It had been weeks since Ayla last felt a breeze touch her face. As she slipped through the door into the shadows of the square, the scents of a summer night caressed her with their familiarity: aromatic pine, horse manure, the dragonlilies that grew outside the tower. Above her, the patterns of the stars were unchanged. She hadn’t been locked up that long, after all. It just felt like forever.
There will be no-one patrolling the square.
She repeated her brother’s words to herself.
Go straight across. The postern will be open, and you’ll find supplies there to help you. After that I can do no more.
She hesitated, skin crawling with tiny spiders of unease. The darkness on the far side of the square was too heavy for the moonlight to penetrate; anything could be waiting for her. Yet Myrren’s instructions hadn’t failed her so far. When she’d tried the door of her cell at the seventh bell, it had been unlocked just as he’d promised. And the two men in the guardroom had been deep in the oblivion of sleep, not stirring even when she crept past them to climb the flight of steps that was the only way out. Her brother’s words were her compass. She had to trust them.
A Nightshade without the family gift of Changing, Myrren is a source of constant disappointment to his father, who tries to disinherit him in favour of his sister Ayla. At least she can Change, although her second form is a hybrid, not one of the traditional five, and she’s only a half-blood Nightshade. But Ayla’s loyalty to Myrren won’t let her take what she considers his birthright, throwing both of them into even greater conflict with their father.
As the book opens, Ayla has been falsely imprisoned for attacking a priestess, and her brother facilitates her escape from the castle dungeons. The limping Serenna, however, is testament to the fact that something attacked her. On the night of Ayla’s escape, that something rips out Florentyn Nightshade’s throat, thrusting Myrren prematurely onto the Darkhaven throne and leaving Ayla on the run, terrified of what will happen if she’s blamed for this second attack.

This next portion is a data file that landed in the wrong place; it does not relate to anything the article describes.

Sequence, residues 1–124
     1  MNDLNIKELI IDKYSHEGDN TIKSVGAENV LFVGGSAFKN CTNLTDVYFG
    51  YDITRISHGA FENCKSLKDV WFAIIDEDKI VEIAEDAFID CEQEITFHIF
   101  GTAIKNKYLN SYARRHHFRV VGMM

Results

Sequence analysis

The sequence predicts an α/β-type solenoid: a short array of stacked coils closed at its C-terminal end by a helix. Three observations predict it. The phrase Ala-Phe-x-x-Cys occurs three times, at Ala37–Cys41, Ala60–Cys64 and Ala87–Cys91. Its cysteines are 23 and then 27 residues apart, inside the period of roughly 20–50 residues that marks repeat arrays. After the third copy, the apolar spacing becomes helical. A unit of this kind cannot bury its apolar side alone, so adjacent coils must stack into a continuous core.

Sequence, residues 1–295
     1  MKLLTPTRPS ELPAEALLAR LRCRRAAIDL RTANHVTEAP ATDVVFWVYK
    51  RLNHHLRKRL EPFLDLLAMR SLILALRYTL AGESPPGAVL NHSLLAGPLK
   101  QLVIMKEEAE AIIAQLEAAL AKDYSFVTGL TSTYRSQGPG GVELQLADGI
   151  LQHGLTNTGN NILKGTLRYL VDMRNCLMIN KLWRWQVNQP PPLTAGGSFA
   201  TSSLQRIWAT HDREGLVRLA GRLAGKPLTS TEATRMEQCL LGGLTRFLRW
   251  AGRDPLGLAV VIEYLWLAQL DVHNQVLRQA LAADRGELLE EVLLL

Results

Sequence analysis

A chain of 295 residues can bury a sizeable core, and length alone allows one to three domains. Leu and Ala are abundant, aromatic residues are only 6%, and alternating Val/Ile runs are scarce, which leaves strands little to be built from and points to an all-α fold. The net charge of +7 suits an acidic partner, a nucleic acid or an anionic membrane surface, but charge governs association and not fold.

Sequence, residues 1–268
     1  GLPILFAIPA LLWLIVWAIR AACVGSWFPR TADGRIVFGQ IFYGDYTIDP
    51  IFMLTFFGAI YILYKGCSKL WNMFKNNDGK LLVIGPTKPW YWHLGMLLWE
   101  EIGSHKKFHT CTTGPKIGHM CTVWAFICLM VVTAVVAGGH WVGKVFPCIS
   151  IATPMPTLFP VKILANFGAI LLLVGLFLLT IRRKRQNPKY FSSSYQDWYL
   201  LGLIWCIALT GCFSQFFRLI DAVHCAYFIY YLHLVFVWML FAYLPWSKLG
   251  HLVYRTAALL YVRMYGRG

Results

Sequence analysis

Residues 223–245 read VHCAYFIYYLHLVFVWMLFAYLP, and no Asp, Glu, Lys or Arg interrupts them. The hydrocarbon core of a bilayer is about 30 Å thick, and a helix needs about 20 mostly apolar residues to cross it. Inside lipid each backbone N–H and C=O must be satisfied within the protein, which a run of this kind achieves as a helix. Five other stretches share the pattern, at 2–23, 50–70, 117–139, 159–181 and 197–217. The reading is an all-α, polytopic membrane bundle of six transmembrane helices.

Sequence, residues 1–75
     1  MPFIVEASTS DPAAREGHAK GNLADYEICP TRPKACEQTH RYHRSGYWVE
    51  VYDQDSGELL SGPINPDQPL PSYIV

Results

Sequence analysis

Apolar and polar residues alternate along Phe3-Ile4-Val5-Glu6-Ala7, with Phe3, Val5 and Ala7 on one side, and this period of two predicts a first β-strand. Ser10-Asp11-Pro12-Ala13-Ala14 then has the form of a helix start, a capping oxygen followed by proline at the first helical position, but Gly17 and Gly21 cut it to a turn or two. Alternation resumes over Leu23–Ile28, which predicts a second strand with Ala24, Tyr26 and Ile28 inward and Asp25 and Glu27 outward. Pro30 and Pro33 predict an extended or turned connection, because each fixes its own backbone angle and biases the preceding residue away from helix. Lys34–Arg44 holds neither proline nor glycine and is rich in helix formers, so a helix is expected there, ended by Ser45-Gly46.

Myrren soon finds that elements of the Helm, Darkhaven’s guard force, are less loyal to their new lord than to his dead father. Determined to get to the truth and exonerate Ayla for good, he teams up with Serenna to investigate. Meanwhile, hiding out in the lowest reaches of the city, Ayla is forced to trust the one man she least wanted to meet: the ex-Helmsman she holds responsible for her mother’s death.
It’s probably obvious that this isn’t the lightest of books, in terms of subject matter, but I think it’s worth specifically mentioning that there’s a point-of-view character who’s an obsessive, deranged, would-be rapist. His head is not a nice place to be, and I was thankful that we see his perspective for only a few scenes. Overall, though, I found this to be a quick read, and generally infused with optimism, despite the brutal attacks. The story of the unbreakable bond between siblings is central, and there are several touching side-plots of growing love and friendship. Against a grim and violent backdrop, these moments of hope are particularly moving.
Darkhaven is an intriguing mystery in a sweeping fantasy setting. Although the eponymous fortress, and the city that surrounds it, provides locations enough for the whole story, there are plenty of hints at a wider world beyond the borders. The world is also poised on the edge of a revolution in weaponry. Although most people fight with swords, there are a couple of rare examples of pistols: technology imported from another city, that is surely set to become more widespread as its power is better understood. The owner of one of these, infamous mercenary Naeve Sorrow, is one of my favourite characters and I hope we’ll see more of her (and her gun) as the series develops.
Darkhaven is available from Amazon. The sequel, Goldenfire, was released last month.